How does God stop us? Let us have a closer look at the way the Book of Leviticus connects with the preceding Torah reading, the final words of the Book of Exodus. The concluding verses of Exodus describe the completion of the Sanctuary, the wonderful portable Temple, built at the foot of Mount Sinai. This sanctuary was to accompany the Jewish people throughout their long journey in the wilderness, and was to be set up in the Land of Israel when they finally got there. The last chapters of Exodus in their entirety describe the efforts of the people in building the Tabernacle. Finally, in the very last chapter, it is finished. And then – what happens next?
Then the cloud covered the tabernacle (Ex. 40:35). A thick cloud covered the newly built Sanctuary. Because of this cloud, Moshe himself was unable to enter the Sanctuary. Can you imagine? After all the efforts which had gone into this building, it was covered by a cloud and seemed to be totally inaccessible – and totally useless.
You might be thinking: what is she talking about? It was not just cloud; it was God's glory, God's presence that covered the Sanctuary! Of course, everybody knows NOW that it was God's presence, not just a cloud! But think of that first moment when it happened – how could they know what exactly this cloud was? Oh yes, I am certain that Moshe had faith, that he didn't doubt or question God even at that moment; but I am also quite sure that there were many who were grumbling, wondering why in the world they had spent so much time building the very thing that seemed now to be so useless, so inaccessible.
We always have this choice: to recognize the presence of God, the hand of God, the voice of God – or to see just a cloud, interfering with our plans. When Yeshua is saying: "Father, glorify Your name, " and the Voice from heaven answers Him (John 12:27-29), among the people who stood by and heard, were those who said: "it was thunder!" It is always our choice: to recognize God's voice from heaven – or to hear just thunder. To recognize God's presence covering the Tabernacle – or see a cloud that just "happened" to come in a bad time and became an unfortunate obstacle in our worship.
In an amazing way – like everything in Torah – this choice is reflected by the very first word of our portion, "VaYikra" (Leviticus 1:1). In the original Hebrew text, the word Vayikra has one specific feature: it's written with a little aleph at the end. There are three sizes of the letters in Torah – intermediate, oversized and miniature – and every time we have a letter of a different size, we definitely should look for a profound explanation. So, why do we have this miniature aleph here?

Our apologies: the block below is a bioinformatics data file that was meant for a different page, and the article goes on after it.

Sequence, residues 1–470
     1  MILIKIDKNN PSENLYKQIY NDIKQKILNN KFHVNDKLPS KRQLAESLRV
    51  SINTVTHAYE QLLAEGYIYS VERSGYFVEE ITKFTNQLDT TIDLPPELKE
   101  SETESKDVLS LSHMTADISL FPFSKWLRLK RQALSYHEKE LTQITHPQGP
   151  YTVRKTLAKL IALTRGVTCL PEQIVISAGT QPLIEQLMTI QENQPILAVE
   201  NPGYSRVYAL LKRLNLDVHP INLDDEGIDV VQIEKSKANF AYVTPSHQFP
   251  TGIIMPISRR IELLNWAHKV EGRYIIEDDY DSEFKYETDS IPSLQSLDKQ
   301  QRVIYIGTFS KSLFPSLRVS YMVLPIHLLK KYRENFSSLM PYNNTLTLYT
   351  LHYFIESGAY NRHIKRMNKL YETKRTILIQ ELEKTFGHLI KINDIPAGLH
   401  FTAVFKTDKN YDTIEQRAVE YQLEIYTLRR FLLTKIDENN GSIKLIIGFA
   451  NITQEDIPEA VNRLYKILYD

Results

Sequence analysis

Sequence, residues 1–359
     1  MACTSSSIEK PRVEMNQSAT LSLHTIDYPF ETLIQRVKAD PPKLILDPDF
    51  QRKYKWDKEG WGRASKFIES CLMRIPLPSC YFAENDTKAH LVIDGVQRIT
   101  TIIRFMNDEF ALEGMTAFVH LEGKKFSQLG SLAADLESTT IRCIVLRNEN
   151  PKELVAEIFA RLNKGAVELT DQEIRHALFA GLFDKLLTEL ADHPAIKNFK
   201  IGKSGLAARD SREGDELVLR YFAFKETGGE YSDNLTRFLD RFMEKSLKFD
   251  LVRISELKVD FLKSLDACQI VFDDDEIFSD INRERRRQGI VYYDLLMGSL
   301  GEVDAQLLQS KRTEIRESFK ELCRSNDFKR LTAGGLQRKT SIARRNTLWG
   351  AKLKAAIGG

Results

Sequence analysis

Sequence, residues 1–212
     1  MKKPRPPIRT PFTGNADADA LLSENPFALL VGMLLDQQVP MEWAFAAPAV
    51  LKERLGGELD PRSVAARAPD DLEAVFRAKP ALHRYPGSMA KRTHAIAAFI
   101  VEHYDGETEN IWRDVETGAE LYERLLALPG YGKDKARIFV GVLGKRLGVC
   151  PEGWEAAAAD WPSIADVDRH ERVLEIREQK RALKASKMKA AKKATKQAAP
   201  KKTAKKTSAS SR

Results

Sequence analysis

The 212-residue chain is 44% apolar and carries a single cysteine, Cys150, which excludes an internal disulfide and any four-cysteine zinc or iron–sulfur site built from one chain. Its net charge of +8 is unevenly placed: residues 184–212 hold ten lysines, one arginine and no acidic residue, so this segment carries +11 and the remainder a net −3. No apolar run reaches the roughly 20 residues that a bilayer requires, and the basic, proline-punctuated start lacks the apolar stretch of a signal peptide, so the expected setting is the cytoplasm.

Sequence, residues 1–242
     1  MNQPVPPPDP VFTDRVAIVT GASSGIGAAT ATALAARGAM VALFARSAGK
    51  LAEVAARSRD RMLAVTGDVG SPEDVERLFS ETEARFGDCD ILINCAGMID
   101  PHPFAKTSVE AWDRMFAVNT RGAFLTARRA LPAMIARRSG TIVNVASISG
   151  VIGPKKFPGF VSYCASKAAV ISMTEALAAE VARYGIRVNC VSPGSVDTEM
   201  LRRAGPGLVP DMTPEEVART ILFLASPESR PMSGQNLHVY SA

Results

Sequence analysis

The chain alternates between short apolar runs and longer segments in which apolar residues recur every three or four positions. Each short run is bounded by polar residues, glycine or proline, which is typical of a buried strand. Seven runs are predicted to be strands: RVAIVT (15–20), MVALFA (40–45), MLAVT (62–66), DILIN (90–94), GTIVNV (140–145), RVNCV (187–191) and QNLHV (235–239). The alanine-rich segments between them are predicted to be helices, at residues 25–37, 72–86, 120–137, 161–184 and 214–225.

Our sages offered different explanations, most of them have to do with humbleness: Moshe attained the highest level of humility, they say, and it was expressed by the miniaturealeph of Vayikra. There is, however, a deeper explanation, that we will apply here. The word "VaYikra" without the aleph would read "VaYiker", which means - "and it happened". There is a huge and truly ontological difference between the worldview based on Vayikra, - "and He called" – and the worldview based on VaYiker – "and it happened" : here we go back again to whether we hear thunder or God's voice from heaven; whether we simply see a cloud or see His very presence covering the Tabernacle. While we are here on this earth, everything, absolutely everything, can be seen as something that "just happened" – as opposed to something that He called into being. But faith knows that there is a little aleph beyond everything that "just happens", and it is this aleph that makes all the difference. That is why Moshe, who was a man of faith, was able not only to recognize God's presence in what seemed to be just a cloud and to move on to the next book, but also, to move on through this book, through VaYikra: lehakreev, in order to lehitkarev.